Danvers High sports fans tended to forget how reliably successful the boys’ basketball program had been ‘in the good old days’ because of the team’s mediocrity and misfortunes spanning the last 30 years. That’s a lot of misfortune and mediocrity.
That’s all changed, of course, with the Falcons’ utterly amazing back-to-back Division 3 state championship run that culminated Saturday with a harder-than-it-appears 66-50 victory over Smith Academy of Hatfield (a two-time state champ in its own right) in the Division 3 state title game at Worcester.
Now the Falcon cagers are the gold standard by which all future teams at DHS — and all future hoop teams throughout the North Shore — will be measured.
It has been the perfect storm. The arrival of former Watertown JV coach John Walsh three years ago, combined with an incredible group of athletes who bought into his regimented offense and chest-bumping defense from Day 1 and blossomed into history-making winners of the highest magnitude. The results: 13-10 and a first-time semifinal berth in the North Section tourney in 2010; 21-4, NEC and first state title last winter; 24-2, NEC title,18-0 start and a second state title this past Saturday. That’s 58-16 combined.
Danvers diehards wonder if they’ll ever see the likes again of these young men. It starts with last year’s seniors who helped make state championship No. 1 possible: 6-foot, 8-inch All-Scholastic George Merry, DHS’s version of Kevin Garnett; Joe Amico, the perfect complement to backcourt mate Eric Martin; and reserve Mike Scarfo, without whose final-seconds three-point field goal forced overtime against Wayland a year ago in a second round tourney game, there would not have been a first state title.
Then there was this year’s nucleus, in which the whole clearly exceeded the sum of their individual talents. They were a remarkable group of clutch performers who were determined to prove they could win without the ‘big guy,’ Merry. From Northeastern Conference Small Division MVP Martin, the ultimate point guard at both ends of the floor and Mr. Clutch from the foul line, to prime scorer/go-to-man Nick McKenna, to wingman/rebounder deluxe Nick Bates, to inside two-way force Dan Connors, to sophomore three-point bomber Vinny Clifford, to subs Kieran Beck and Jake Cawlina.
How fitting they would clinch MIAA championship No. 2 with all five starters scoring in double figures; the ideal example of teamwork par excellence.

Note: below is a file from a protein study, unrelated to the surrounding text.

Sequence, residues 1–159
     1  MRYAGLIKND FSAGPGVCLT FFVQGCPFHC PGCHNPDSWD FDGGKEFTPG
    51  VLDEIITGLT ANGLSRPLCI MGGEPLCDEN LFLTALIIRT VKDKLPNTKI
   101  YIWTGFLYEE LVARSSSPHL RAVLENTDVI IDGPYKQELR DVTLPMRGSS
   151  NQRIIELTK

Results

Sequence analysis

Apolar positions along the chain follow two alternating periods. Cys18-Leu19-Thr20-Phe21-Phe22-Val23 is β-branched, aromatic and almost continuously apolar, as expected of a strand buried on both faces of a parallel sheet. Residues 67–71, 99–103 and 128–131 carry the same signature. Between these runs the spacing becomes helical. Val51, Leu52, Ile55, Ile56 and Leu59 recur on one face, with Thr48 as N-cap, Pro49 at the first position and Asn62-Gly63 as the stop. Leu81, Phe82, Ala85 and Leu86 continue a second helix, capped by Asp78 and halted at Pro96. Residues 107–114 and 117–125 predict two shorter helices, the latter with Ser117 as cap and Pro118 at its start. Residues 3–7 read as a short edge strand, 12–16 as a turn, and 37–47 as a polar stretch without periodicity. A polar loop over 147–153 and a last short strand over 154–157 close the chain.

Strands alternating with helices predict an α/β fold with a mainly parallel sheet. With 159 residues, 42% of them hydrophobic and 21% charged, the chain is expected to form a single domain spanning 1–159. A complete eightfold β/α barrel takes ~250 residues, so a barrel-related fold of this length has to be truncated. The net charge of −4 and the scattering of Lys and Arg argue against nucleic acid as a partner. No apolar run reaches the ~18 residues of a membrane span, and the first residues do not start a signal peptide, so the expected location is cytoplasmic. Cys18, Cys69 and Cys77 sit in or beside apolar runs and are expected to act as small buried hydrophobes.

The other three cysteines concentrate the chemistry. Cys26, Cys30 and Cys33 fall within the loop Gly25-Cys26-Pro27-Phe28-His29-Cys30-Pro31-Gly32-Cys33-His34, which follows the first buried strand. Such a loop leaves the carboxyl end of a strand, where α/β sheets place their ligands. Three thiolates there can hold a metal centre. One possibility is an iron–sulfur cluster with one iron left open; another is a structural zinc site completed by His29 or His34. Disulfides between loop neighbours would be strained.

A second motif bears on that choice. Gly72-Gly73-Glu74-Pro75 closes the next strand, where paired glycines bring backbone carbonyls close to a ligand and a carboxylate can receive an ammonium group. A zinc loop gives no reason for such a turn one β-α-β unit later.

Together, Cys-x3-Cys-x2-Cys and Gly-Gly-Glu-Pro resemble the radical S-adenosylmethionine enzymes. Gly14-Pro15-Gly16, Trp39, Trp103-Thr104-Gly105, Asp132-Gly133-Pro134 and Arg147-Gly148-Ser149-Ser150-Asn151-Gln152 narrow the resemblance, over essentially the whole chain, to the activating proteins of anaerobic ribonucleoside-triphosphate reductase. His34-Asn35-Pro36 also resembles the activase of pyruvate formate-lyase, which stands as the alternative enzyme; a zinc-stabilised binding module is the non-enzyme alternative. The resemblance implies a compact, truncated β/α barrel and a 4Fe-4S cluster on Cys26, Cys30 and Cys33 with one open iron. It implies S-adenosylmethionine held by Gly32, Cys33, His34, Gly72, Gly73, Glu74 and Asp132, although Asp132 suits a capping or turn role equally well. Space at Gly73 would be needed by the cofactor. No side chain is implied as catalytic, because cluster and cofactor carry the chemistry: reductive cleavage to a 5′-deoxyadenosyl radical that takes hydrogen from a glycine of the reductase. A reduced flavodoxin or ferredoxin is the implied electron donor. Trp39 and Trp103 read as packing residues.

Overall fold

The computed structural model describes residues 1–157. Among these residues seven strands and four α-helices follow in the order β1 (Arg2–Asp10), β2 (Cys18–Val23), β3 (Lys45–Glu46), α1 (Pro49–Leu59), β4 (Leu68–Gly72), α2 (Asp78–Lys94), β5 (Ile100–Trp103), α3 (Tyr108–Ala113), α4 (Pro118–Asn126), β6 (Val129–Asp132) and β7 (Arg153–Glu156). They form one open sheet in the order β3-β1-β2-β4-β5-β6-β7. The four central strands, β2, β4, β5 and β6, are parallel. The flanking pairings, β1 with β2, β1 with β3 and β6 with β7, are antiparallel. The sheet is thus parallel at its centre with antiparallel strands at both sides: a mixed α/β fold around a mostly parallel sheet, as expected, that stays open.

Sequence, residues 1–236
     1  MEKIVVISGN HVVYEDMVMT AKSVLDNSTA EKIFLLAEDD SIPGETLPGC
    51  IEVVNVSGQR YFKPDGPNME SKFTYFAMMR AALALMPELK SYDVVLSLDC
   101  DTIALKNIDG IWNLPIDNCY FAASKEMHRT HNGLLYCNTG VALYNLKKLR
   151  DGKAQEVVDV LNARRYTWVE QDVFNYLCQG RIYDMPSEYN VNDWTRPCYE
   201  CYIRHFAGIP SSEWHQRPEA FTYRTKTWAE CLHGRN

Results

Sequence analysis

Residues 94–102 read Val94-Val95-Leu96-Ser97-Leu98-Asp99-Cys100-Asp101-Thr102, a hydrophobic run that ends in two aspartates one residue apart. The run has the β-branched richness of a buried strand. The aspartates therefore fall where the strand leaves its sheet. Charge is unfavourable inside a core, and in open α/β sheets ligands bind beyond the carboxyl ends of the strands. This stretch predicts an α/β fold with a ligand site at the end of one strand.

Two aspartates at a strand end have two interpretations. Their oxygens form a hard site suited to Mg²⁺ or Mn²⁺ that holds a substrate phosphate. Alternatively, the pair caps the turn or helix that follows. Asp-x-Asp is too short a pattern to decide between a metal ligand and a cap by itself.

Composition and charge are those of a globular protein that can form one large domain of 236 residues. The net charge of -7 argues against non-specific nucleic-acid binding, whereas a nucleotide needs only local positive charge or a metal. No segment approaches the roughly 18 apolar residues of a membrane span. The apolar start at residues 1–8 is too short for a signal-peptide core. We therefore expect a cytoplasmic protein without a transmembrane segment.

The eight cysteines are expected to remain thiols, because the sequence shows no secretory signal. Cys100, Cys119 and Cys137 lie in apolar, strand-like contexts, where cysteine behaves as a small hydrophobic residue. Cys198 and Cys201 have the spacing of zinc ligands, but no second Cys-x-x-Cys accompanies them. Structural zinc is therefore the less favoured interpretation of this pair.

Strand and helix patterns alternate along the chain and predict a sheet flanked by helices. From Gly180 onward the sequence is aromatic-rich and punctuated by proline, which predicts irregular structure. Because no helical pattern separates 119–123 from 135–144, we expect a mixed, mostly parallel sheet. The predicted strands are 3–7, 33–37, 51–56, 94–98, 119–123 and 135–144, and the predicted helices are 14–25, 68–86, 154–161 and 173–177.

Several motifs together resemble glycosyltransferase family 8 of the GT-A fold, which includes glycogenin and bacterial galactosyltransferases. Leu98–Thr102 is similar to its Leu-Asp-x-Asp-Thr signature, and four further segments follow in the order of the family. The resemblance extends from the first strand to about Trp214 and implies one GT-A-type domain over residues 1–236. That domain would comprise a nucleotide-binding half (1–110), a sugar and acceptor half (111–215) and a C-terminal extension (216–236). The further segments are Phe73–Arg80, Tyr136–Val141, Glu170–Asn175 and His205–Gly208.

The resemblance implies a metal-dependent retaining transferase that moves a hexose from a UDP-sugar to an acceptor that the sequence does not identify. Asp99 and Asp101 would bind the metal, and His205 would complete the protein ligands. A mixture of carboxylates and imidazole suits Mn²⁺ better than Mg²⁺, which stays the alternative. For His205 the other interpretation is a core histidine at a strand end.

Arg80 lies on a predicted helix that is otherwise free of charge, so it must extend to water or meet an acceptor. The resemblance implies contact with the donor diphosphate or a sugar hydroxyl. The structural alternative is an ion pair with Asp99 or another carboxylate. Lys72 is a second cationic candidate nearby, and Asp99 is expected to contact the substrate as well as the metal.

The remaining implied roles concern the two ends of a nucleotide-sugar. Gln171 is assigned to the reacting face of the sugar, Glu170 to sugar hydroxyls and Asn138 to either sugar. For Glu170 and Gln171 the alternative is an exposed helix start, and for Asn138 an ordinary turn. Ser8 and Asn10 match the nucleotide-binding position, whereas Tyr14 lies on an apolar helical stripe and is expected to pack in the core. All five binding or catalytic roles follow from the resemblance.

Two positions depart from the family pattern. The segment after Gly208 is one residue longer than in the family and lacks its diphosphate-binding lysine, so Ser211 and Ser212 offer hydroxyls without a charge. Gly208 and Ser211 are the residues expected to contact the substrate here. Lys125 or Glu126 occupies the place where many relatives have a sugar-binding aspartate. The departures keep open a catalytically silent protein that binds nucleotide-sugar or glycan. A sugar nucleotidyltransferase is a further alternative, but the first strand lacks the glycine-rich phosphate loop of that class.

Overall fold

Their legacy is secure: they’re now one of only two North Shore boys’ basketball teams (Lynn Classical, 1993-94) to win successive state titles since the divisional format kicked in back in 1972.
But there was indeed a legacy of championship basketball at Danvers High beforehand. Here’s a breakdown of the other (Northeastern Conference) champions:
1955: According to long-time Danvers sports fan Bernard Balser, author of the Danvers-based memoir “Off Hillcrest Road,” Coach George Radulski’s starting five was 6-foot-5 Ron Winskowicz, who played at Dayton; forwards Bob Batura and Sid Gates; and guards Leo Plante and Billy Kellenberger. The key subs were Dickie Morse, Peter Mackey, Charlie Brown, Bobby Hawkes and Jack Flynn. The latter became a legendary football coach at South Portland (Maine) High.
1964: New Coach John McGrath’s first of three NEC title teams in an 11-year span (he also coached the baseball team to three NEC titles and the Class B title in 1970) featured conference MVP Jeff Ryback and Steve Lenz at forwards; center John Keane; starting guards Bob Cunningham and Bob Bonner; and sixth man Pat O’Shea. Marblehead was the title favorite that season, but the Oniontowners (they became the Falcons in 1966) won both meetings and cruised to the championship.
1970: Point guard Jay Veilleux and future University of New Hampshire standout Lon Cohen, a power forward, were keys to the ‘70 title run along with Dennis Goode, David Elwin, Dana White and Dan Foote.
1975: It appeared this group would have to settle for a share of the NEC title after winning its final Conference game at Gloucester on a Friday night in mid-February. But before getting on the bus, they got word that their likely co-champ had been upset. Outright title to DHS, the last one until 2012. Ed Gieras, the loop’s top scorer, MVP and future Salem State ace, dazzled with his offensive repertoire as a power forward/pivotman who could not be stopped. Mike Hennessey, Jim Busby, future Salem Stater Pat Veilleux (the current successful Danvers High girls’ coach and Jay’s kid brother) also started, while Brett Hardin and Glenn St. Cyr shared the other guard slot.
That was all she wrote until John Walsh turned the Falcons into state champions nearly 40 years later.
(Editor’s Note: The Falcons did not win a title during future Merrimack College All-America, Boston Celtics draft pick and current UMass-Lowell athletic director Dana Skinner’s years between 1971 and 1973, but they did qualify for the tournament.)